Fall is upon us and with it a new slate of exhibits signaling the start of another season in art. This year’s events follow the pandemic lockdown that shuttered the art world for more than twelve months, a period when dealers resorted to online viewing rooms before partially re-opening their spaces in the spring. Still, the pandemic raised the existential question of whether or not the art world can resume business-as-usual. It’s too soon to say, and this preview doesn’t presume to provide an answer. But it does offer a look at the art events to be excited for in the coming months.
Whatever the fate of the post-COVID art world, the possibility to attend exhibits in the flesh again is reason enough to make this autumn in NYC a memorable one for art.
Great Hall at Battery Maritime Building, New York.
Part of the first Armory Arts Week since pandemic restrictions were lifted, the Independent was founded in 2010 by Elizabeth Dee and Matthew Higgs. A hybrid of art fair and exhibition, the Independent has traditionally focused on small to medium-sized galleries (both commercial and non-profit) willing to take risks on young, self-taught, or overlooked artists. The same goes for the 2021 edition, which includes forty galleries and takes place for the first time in the Battery Maritime Building at Cipriani South Street. Pay a visit and see why the Independent is called the smartest and most adventuresome showcase of its kind.
Jasper Johns, Target with Four Faces, 1955. Encaustic and collage on canvas with objects. 29 3/4 × 26 in. (75.6 × 66 cm).
Jasper Johns is famous enough to have warranted an appearance on The Simpsons, though many viewers were probably unaware of his seminal place in twentieth-century art. While detractors have called his work “overdetermined,” there’s no denying Johns’ role in dismantling Abstract Expressionism at midcentury. Johns mocked AbEx’s existential angst and gestural theatrics by depicting an enigmatic vocabulary of signs—targets, flags, numbers—with dabs of encaustic pigment frozen over skeins of newsprint. Now, his sixty-five-year career is being accorded a major retrospective. The survey is so large it requires concurrent exhibitions at the Whitney Museum of American Art and the Philadelphia Museum of Art.
Kandis Williams, Otto Preminger’s Carmen Jones - October 28th 1954, Brown v. Board of education - May 17th 1953, 2020.
Lately, Tribeca has been heating up as the newest gallery district, but this space debuting in October is especially noteworthy because of its affiliation with mega-dealer David Zwirner. Helmed by Zwirner Director Ebony L. Haynes, the venue will showcase “conceptual and research-based work” by artists from “different backgrounds and stages in their careers.” The inaugural exhibit features Kandis Williams, a multimedia artist whose work comments on the damaging legacies of racism and nationalism. While none of the artists will be represented by Zwirner, his imprimatur carries a lot of weight, making 52 Walker a place to watch this fall.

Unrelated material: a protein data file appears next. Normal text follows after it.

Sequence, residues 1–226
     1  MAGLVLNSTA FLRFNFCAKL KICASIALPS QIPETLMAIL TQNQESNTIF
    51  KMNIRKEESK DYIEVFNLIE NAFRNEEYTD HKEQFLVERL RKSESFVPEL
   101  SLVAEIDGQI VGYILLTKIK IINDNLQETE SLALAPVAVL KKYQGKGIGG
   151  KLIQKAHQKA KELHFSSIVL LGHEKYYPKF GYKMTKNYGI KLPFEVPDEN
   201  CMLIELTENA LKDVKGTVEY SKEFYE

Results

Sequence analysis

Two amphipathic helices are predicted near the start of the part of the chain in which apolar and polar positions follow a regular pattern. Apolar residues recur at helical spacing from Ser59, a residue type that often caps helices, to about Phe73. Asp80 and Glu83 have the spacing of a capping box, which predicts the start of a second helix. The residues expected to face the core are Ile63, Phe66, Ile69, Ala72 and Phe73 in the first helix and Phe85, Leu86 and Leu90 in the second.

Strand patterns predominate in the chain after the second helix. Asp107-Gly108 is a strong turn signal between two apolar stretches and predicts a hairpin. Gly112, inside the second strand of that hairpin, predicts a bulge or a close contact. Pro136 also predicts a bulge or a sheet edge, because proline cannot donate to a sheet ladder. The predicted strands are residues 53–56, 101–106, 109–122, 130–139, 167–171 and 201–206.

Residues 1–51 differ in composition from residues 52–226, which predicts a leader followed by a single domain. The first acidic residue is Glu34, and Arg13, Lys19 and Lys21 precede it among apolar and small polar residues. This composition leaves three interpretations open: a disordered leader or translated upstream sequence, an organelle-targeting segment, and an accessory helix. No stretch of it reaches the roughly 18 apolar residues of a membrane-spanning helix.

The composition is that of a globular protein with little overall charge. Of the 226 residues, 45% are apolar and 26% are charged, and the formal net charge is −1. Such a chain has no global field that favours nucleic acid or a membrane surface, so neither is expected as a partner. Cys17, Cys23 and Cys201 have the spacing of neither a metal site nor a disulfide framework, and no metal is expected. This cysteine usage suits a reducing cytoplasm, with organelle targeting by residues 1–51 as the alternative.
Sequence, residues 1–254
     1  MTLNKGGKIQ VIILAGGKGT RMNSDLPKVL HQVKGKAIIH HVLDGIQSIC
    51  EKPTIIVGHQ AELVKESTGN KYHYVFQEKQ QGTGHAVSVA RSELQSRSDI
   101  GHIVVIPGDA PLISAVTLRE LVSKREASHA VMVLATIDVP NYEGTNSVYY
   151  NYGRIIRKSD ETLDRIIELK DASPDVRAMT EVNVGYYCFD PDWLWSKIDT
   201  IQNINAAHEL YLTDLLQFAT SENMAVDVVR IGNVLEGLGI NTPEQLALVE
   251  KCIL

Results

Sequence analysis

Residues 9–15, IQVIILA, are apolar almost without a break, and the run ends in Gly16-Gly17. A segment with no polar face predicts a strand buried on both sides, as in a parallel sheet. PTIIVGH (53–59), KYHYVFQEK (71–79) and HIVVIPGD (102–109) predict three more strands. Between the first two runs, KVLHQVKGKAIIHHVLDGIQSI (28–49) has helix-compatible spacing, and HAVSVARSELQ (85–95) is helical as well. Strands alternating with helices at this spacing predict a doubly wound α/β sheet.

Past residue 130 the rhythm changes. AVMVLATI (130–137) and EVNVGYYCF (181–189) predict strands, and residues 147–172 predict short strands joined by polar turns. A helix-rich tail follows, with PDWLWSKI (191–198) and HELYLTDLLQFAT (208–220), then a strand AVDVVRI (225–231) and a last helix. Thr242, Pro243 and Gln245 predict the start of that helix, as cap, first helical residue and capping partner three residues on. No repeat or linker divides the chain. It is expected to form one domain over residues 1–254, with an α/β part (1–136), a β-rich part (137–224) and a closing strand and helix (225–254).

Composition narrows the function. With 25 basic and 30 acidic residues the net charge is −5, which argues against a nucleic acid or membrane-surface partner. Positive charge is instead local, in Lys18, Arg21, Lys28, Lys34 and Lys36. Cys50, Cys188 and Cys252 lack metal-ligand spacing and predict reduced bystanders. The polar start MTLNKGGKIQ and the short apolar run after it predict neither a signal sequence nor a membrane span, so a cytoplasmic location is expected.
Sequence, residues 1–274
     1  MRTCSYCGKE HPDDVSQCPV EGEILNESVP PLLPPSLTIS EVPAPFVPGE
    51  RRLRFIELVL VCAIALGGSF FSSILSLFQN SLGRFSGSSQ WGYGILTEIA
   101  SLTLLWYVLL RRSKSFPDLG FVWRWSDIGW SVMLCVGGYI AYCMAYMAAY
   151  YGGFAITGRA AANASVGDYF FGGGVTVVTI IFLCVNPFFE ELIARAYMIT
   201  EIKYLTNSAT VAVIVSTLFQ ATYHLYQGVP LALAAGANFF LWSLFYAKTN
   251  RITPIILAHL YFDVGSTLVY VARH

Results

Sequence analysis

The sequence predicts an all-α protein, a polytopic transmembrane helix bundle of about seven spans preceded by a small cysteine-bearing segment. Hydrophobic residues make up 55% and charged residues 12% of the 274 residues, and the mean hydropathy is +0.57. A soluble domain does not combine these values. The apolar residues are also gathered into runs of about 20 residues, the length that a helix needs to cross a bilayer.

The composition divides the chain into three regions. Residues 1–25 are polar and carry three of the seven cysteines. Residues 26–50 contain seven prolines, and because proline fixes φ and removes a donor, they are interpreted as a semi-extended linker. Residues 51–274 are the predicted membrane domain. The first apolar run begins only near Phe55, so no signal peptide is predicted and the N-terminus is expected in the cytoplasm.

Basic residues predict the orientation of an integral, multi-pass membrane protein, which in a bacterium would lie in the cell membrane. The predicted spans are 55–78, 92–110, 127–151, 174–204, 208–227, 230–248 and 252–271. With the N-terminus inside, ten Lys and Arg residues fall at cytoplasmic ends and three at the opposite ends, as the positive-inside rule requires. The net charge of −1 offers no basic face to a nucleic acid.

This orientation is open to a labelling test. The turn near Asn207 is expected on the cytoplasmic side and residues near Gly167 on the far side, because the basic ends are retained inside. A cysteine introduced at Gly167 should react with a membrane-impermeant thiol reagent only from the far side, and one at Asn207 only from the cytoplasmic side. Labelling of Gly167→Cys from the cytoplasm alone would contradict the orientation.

The Metropolitan Museum of Art entrance façade. Manhattan, New York City.
Besides being creative pioneers, Surrealism’s most iconic artists—André Breton, René Magritte, Salvador Dalí, Max Ernst, Joan Miró—shared a common demographic: They were all white European men. But while the revolutionary art and literary movement originated in Paris, it rapidly became a global phenomenon that came to include women and artists of color. This eye-opening survey at The Metropolitan Museum explores the spread of Surrealism to Latin America, Africa, and Asia, and how, as a result, it evolved from "pure psychic automatism," as Breton originally defined it, to an art of protest responding to colonialism and political oppression.
Nadia Belerique, HOLDINGS (Ongoing), 2020. Plastic barrels, metal frame, stained glass, lead, copper tape, fabrics, photographs, rainwater, paint, various objects, dimensions variable. Exhibition view: Kunstverein Braunschweig.
Like the Whitney Biennial, the New Museum Triennial launched in 2009 as a recurring roundup of newly emerging talents, though one with an international reach. Also like the Biennial, the Triennial can be a hit or miss affair, though it reliably introduces fresh faces that are little known in New York. Each show has had a theme, and this year’s is particularly timely. Taken from a Brazilian saying for being persistent while overcoming obstacles: "Soft water on hard stone hits until it bores through.” A metaphor, say the show’s organizers, for artistic resilience in the face of a collapsing social order.
Howard Halle is a writer and artist who has exhibited his work in the United States and Europe. Between 1981 and 1985, he was Curator of The Kitchen's Gallery and Performance Art series. From 1995 through 2020, he was Chief Art Critic for Time Out New York. He lives and works in Brooklyn.